Dr Karen Grant
Senior Lecturer (Lancaster Medical School)
Office Faraday C12
Centre for Medical Education
Lancaster University, LA1 4YA
Tel: +44 1524 594521
Department of Biological Sciences
Lancaster University, LA1 4YQ
Tel: +44 1524 593688
Fax: +44 1524 593192
Iím primarily interested in the protozoan parasites, Leishmania and Trypanosoma, the infective agents in leishmaniasis and African sleeping sickness respectively. Specifically, Iím interested in the interface between biology and chemistry and the translation of advances in basic biology into the development of novel drugs against these parasitic diseases.
The leishmaniases are a group of diseases, prevalent in the tropics and sub-tropics. They include life-threatening visceral leishmaniasis, cutaneous leishmaniasis, the most common form of the disease, and the seriously disfiguring muco-cutaneous leishmaniasis. The WHO estimate that 12 million people are affected by leishmaniasis in 88, predominantly developing, countries worldwide.
African sleeping sickness affects 36 countries in sub-Saharan Africa. Infection with Trypanosoma parasites results initially in malaise, lethargy and intermittent fever leading to coma and death if the infection spreads to the central nervous system. At present, African sleeping sickness claims relatively few lives but there is a continued threat of a major epidemic, which would a devastating effect on affected areas.
Current first-line chemotherapies for leishmaniasis and African sleeping sickness are far from ideal. They are not particularly effective, have serious toxic side effects and drug resistance is an increasing problem. Thus there is an urgent need for new drugs against these tropical parasitic diseases.
Work within my laboratory aims to identify and validate novel drug targets, using a combination of molecular biology and classical biochemistry, with a particular interest in protein kinase enzymes and cell cycle control. Previous work validated a leishmanial cyclin-dependent kinase (CDK), CRK3, as a potential drug target and identified CDK inhibitors which had anti-parasitic activity in vitro. In collaboration with synthetic chemists, we are now working towards optimizing these CRK3 inhibitors using a variety of different approaches, including classical chemical derivatisation and model-based rational drug design. This latter involves preparing a model of the 3D structure of CRK3, identifying significant differences from its mammalian counterpart(s) and then exploiting these differences to design parasite-selective inhibitors. Recombinant protein technology is used to provide active enzyme for chemical library screening and for X-ray crystallography.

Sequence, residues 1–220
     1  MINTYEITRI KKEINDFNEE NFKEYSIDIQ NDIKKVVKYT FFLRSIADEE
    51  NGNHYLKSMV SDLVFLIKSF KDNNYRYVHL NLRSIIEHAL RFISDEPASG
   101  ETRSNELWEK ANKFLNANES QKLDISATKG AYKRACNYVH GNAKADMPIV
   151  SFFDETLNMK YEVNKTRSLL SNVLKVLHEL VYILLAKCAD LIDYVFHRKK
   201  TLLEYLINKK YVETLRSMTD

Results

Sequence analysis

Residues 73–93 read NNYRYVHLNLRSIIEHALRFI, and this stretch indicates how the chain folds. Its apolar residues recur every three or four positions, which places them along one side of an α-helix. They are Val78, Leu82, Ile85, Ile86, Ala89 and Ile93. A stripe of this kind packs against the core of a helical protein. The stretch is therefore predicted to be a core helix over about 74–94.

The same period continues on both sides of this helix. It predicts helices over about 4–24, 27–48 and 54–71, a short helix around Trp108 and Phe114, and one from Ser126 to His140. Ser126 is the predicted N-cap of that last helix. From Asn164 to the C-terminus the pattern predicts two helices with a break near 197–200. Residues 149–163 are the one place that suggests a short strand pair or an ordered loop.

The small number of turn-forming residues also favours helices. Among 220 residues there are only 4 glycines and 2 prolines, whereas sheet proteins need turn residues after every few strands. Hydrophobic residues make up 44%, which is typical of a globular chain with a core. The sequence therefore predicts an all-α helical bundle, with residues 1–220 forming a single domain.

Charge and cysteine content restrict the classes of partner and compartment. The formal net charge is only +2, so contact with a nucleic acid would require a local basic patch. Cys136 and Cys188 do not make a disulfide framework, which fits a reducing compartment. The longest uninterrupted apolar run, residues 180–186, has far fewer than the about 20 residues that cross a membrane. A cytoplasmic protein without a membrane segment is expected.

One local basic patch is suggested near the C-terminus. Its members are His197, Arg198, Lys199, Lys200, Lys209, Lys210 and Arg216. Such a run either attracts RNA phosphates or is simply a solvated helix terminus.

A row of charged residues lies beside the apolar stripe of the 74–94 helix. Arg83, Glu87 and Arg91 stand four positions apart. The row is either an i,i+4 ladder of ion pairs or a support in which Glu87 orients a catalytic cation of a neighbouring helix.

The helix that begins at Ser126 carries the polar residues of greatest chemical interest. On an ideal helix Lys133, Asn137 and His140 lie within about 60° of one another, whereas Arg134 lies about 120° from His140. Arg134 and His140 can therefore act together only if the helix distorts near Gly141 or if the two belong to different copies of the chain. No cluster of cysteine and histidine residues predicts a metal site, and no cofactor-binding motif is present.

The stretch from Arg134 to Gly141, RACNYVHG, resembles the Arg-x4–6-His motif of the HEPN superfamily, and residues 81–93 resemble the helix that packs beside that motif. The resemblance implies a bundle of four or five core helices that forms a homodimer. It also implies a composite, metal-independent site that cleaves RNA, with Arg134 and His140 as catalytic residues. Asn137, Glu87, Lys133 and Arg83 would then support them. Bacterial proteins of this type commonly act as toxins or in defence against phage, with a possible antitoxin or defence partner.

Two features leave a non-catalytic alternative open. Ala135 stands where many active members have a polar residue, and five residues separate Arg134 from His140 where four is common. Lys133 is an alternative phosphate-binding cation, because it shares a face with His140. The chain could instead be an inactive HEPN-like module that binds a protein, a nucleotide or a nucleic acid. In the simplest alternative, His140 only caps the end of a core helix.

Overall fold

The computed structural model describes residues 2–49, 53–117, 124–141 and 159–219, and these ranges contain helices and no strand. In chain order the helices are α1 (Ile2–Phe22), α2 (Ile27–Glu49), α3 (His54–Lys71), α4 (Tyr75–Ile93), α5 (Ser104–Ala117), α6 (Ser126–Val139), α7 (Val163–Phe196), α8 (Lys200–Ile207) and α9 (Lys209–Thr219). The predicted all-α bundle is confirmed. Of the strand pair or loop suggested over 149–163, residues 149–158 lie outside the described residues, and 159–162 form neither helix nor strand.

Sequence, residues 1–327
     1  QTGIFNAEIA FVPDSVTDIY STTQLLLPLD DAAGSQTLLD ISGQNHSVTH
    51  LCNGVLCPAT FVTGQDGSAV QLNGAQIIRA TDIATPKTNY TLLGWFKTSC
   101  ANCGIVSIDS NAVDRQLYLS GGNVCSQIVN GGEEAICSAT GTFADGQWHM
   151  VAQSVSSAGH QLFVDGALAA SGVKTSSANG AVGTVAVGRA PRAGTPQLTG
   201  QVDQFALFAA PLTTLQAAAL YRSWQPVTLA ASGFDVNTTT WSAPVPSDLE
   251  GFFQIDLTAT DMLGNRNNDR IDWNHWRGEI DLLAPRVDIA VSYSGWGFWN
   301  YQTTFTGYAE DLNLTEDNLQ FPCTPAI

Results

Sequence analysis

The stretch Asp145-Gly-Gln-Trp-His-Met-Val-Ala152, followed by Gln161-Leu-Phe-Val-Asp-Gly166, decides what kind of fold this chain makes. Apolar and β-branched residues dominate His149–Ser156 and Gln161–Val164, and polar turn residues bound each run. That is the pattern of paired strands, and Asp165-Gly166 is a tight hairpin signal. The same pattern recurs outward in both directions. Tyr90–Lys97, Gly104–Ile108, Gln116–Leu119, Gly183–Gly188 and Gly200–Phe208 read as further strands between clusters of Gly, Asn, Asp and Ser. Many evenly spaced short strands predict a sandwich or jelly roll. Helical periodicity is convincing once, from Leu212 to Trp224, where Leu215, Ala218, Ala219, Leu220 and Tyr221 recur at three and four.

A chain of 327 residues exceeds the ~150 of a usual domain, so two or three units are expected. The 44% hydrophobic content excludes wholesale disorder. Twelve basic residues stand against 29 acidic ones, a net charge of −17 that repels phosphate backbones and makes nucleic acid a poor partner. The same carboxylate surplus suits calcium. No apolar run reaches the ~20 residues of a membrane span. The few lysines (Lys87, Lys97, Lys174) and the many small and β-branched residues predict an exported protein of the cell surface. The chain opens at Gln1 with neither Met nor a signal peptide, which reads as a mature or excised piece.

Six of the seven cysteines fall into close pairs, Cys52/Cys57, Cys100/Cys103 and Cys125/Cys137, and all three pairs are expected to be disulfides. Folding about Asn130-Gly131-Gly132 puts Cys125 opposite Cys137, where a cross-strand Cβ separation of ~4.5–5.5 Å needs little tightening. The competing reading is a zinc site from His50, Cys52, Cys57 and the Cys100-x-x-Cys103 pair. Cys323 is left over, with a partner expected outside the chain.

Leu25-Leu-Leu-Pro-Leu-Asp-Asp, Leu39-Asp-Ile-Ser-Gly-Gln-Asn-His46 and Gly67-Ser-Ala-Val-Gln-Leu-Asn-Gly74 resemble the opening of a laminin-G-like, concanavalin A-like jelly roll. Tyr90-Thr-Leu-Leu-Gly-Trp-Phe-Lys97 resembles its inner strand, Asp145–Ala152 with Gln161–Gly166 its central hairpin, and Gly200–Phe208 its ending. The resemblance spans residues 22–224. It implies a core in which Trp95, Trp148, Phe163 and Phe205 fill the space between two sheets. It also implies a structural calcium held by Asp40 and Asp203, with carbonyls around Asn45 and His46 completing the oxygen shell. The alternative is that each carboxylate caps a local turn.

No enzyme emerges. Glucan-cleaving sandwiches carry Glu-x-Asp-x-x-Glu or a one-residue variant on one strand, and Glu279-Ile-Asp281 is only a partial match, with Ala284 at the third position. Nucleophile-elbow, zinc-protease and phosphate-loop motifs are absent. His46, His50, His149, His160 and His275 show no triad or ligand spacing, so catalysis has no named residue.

Development of Parasite-selective Indirubin CDK-inhibitors:
In collaboration with the organic synthetic chemist, Dr Nick Westwood, University of St Andrews.
The indirubin family of CDK inhibitors have already been shown to be potent but non-selective inhibitors of leishmanial CRK3 and to have anti-leishmanial activity in vitro. This project aims to use molecular modelling and rational drug design to develop parasite-selective inhibitors around the indirubin pharmacophore and to assay their biological activity, with a view to developing a novel anti-leishmanial chemotherapy.
Development of a pan-trypanosomatid CDK inhibitor:
This is a multi-centred collaborative project which integrates chemistry and biology and links academia and industry. It aims to use a number of different approaches to discover, design, develop small molecule inhibitors of CRK3 from the 2 parasitic protozoa: Leishmania (leishmaniasis) and T.brucei (African sleeping sickness), with the view to develop a novel chemotherapy which would treat both of these important parasite diseases. Approaches include screening CRK3 against a 30,000+ chemical library (with the biopharmaceutical company, Cyclacel); in silico screening for novel pharmacophores for CRK3 inhibitors (followed up by synthesis of interesting lead compounds); generating an X-ray crystal structure of CRK3 in complex with various small molecule inhibitors.